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March 07, 2011
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Tim Dees Police Tech & Gear
with Tim Dees

Mobile fingerprint scanners making field IDs easier

The State of Georgia obtained a $1.2 million grant to buy 120 scanners

Technology capable of scanning fingerprints in the field is becoming cheaper and more accessible. The most common use is for officers in the field to identify suspects and reveal aliases, but there are some other applications that are getting notice as well.

The product names vary only a little and can be confusing. Marketed by Crossmatch Technologies, the Mobile Rapid ID is a hand-held scanner that is about the same size and shape as a handheld metal detector. Another device, more commonly deployed in Europe and Australia, is the Morpho RapID, made by Sagem Morpho. The latter device is larger, resembling a smartphone with a scanning module attached to the top.

Mobile fingerprint scanners have a postage stamp-size platen for the fingertip. The information captured by the device isn’t so much a graphic representation of the print as a mathematical model of the relationships between the friction ridges or minutiae of the image. This allows the image to be transmitted as a string of numbers the Automated Fingerprint Identification System (AFIS) databases can use.

Typically, comparisons of transmitted fingerprint data are made with local databases, with the search expanding if a match isn’t found. The logic for this is simple enough. Most of your bad guys are already in your local database. Looking there first is faster, and saves bandwidth and time in what may be unnecessary searches of the larger files.

When a match is found, the information associated with that match (name, date of birth, physical description, possibly a mug shot) is returned to the device that sent the inquiry. Because the match is made with only partial fingerprint data, it’s always possible to have the data match more than one individual and to get a “match” of someone other than the person whose finger was scanned. Most of the time, comparison of the “match” data with the characteristics individual at hand clears up any misidentification. If age, race, height and weight are considerably off from the individual at the scene, you probably have a mismatch. Definitive identification of someone by fingerprints must always be done by a human print examiner, even when prints from all ten fingers are available.

In the field, the data returned by mobile scanners is usually sufficient for the mission. When suspects provide false names to officers, the mobile scanner reveals them for who they are if they’re already in the system, and the people officers are most interested in identifying are. These include sex offenders, wanted persons, gang members, and people who are the subject of protective or restraining orders. More often than not, when confronted with their true names, individuals who have provided false names will own up.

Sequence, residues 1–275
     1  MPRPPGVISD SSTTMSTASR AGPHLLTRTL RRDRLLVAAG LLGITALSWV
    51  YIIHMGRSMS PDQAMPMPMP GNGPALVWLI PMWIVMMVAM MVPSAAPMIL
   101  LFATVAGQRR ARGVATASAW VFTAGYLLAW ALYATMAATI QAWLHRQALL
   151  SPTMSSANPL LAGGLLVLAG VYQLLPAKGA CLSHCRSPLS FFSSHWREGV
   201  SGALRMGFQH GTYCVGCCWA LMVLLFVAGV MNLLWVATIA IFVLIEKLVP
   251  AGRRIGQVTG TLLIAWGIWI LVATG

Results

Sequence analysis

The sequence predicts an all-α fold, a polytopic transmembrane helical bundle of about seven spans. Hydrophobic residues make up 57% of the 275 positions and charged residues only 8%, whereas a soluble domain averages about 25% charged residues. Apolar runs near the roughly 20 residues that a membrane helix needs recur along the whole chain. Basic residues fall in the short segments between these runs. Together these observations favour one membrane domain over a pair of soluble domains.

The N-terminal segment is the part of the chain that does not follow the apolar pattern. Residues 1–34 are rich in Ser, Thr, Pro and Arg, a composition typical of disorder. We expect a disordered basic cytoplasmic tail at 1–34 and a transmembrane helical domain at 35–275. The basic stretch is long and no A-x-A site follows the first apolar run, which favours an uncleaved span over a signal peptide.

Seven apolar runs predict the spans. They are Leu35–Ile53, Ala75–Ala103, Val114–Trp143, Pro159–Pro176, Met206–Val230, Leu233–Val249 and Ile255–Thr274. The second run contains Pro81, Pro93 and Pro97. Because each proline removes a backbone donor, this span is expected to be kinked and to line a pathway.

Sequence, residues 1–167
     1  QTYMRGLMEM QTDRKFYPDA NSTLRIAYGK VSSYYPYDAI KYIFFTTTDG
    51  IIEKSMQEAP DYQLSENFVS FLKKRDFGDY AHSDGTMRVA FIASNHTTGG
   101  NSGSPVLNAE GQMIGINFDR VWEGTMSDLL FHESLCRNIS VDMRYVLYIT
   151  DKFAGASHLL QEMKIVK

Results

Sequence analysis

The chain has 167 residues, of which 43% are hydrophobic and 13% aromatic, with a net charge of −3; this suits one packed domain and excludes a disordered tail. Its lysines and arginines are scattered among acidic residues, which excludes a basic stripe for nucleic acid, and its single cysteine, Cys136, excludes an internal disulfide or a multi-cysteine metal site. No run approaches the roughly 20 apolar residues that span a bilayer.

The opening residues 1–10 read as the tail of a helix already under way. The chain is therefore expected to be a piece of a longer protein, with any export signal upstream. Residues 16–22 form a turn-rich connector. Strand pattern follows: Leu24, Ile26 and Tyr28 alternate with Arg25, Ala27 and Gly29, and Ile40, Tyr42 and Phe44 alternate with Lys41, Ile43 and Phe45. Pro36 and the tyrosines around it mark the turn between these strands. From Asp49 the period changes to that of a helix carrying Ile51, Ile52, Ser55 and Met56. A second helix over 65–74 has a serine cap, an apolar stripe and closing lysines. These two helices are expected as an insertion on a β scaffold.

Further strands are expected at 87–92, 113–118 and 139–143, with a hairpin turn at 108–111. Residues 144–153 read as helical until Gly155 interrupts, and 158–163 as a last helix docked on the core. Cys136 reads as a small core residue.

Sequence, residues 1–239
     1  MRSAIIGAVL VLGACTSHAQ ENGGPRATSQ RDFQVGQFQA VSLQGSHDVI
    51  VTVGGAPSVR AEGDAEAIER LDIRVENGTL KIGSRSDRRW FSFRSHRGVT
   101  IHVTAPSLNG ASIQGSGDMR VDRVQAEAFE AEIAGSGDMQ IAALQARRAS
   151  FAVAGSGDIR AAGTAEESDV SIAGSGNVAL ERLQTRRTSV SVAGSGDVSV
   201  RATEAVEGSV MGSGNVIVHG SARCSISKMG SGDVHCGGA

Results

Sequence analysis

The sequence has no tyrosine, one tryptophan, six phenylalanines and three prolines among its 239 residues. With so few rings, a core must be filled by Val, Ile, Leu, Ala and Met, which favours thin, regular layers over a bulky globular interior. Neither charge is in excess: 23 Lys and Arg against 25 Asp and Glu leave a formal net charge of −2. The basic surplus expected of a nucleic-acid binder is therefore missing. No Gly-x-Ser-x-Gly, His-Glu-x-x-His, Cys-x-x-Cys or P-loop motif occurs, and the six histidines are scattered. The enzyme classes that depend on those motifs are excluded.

The technology is also useful in jails and prisons. Although inmates are usually issued identifying wristbands or ID cards, they will switch these to gain access to areas normally denied to them, or to be released under the name of another inmate. When correctional officers have access to a mobile scanner, any mistaken identity issues are cleared up immediately.

The State of Georgia obtained a $1.2 million grant to purchase 120 Rapid ID scanners for use by law enforcement agencies in and around the Atlanta area. The scanners cost between $2,000 and $2,800 each, depending on configuration. A story in the Atlanta Journal-Constitution reported that, out of 13,589 checks performed with the mobile scanners, 6,887 or just over 50 percent resulted in hits for people already in the system.

The American Civil Liberties Union (ACLU) has voiced some concerns about privacy. They say that the use of these scanners may allow police to collect the fingerprints of people who have not been charged with a crime. Mobile ID scanners do not store or record the fingerprints of people using the device. The information captured by the devices is compared against the AFIS database, then discarded if there are no hits.


Learn more about Crossmatch Technologies.

Learn more about Sagem Morpho.

About the author

Tim Dees is a writer, editor, trainer, and former law enforcement officer. After 15 years as a police officer with the Reno Police Department and elsewhere in Northern Nevada, Tim taught criminal justice as a full-time professor and instructor at colleges in Wisconsin, West Virginia, Georgia, and Oregon.

He was also a regional training coordinator for the Oregon Dept. of Public Safety Standards & Training, providing in-service training to 65 criminal justice agencies in central and eastern Oregon.

Tim has written more than 300 articles for nearly every national law enforcement publication in the United States, and is the author of The Truth About Cops, published by Hyperink Press. In 2005, Tim became the first editor-in-chief for Officer.com, moving to the same position for LawOfficer.com at the beginning of 2008. He now writes on applications of technology in law enforcement from his home in SE Washington state.

Tim holds a bachelor’s degree in biological science from San José State University, a master’s degree in criminal justice from The University of Alabama, and the Certified Protection Professional credential from ASIS International. He serves on the executive board of the Public Safety Writers Association.

Dees can be reached at tim.dees@policeone.com.

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